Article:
What is Gear ratio?
The gear ratio could be defined as one of two things, either the number of teeth on the rear divided by the number of teeth on the front, or the other way around, front/rear.
Most times the gear ratio is given in the seemingly backwards way where a higher gear ratio means lower top speed (rear divided by front) - i.e. 53 teeth on rear, 14 on front = 53/14 = 3.79 gear ratio.
This way of thinking is not backwards when you think of it like this: A higher gear ratio means a higher 'mechanical advantage', which means more torque.
A higher gear ratio gives more torque, but a byproduct of the added torque is a lower top speed in that gear.
How do you change the gear ratio?
You can change the ratio by messing with one of two things, either the front or rear sprocket (or both).
If you increase the number of teeth on the rear sprocket only, it means that the rear wheel is going to go around a lower number of times compared to the front sprocket (say the front sprocket is 14 teeth and turns once, the rear sprocket will now be displaced by 14 teeth from its original position, but reset the situation with more teeth on the back, turn the front sprocket once and the rear is still displaced by 14 teeth, but the angular spacing between the teeth is less, so the wheel turns less). This means adding teeth to the rear adds torque and lowers top speed.
If you add teeth only to the front sprocket, it increases the number of times the rear wheel will go around compared to the front sprocket. This means lower torque, higher top speed. If you go the opposite way on these, the opposite effect happens. They are summarized below.
Front - Increases top speed, decreases torque.
Rear - Decreases top speed, increases torque.
Front - Decreases top speed, increases torque.
Rear - Increases top speed, decreases torque.
Increase Gear Ratio - Decreases top speed, increases torque.
Decrease Gear Ratio - Increases top speed, decreases torque.
The term 'taller' gearing is slang for a lower gear ratio. It fits better with the idea of raising the top speed. The term 'shorter' gearing means the opposite, raising the gear ratio, lowering top speed.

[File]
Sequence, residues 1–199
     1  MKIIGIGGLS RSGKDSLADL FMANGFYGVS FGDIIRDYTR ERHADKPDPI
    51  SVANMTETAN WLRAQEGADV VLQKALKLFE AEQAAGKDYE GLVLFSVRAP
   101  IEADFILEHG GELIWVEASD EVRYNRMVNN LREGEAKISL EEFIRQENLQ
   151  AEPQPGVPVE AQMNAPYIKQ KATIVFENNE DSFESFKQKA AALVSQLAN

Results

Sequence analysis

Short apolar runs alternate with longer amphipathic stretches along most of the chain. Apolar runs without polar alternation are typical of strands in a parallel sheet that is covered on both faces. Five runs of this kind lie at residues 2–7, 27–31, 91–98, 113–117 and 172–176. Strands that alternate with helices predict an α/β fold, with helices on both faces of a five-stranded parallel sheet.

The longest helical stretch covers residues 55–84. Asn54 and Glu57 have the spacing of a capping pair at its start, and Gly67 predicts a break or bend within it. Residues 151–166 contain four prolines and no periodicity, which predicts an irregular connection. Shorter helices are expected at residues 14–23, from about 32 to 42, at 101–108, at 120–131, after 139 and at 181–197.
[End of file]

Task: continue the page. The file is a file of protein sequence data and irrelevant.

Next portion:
The sprocket with the lower number of teeth will have the biggest effect when merely adding a tooth to both front and rear (same with taking off a tooth).
So if you are looking for a little change, not a big one, you can say raise the front one tooth and then raise the rear a tooth or two. This will give you just a little bump in top speed. The actual ratio tells you what is going on.
It makes sense that the more compression damping, the more resistance to bottoming. The compression damping force is added to the spring forces to resist bottoming.
If there is too little compression damping, the wheel will not meet enough resistance as it compresses the fork or shock spring. Not enough energy has been dissipated at the crest of the bump. Because the wheel itself has mass and the mass is moving upward, it wants to remain in motion and continues to move upward, compressing more than the amount required to handle the bump. This means the tire will unweight as it crests the bump. This unweighting produces a loss of traction.
As compression damping is increased, this phenomenon decreases and traction improves. If there is excessive compression damping, there will be too much resistance to movement and the wheel will not move the entire height of the bump. This means the center of gravity of the motorcycle (the sprung mass) will be displaced upward. Not only can this be the cause of an uncomfortable or harsh ride, but this upward velocity of the chassis will tend to unweight the wheel, losing traction.
More damping means the forks will compress more slowly and not as much.
Less damping means the forks will compress more quickly and more.
Rear shock: Increasing your compression damping, will slow down the compression stroke and decrease rear end bottoming.
Front Forks: Increase the compression damping to slow the compression stroke and decrease front end bottoming.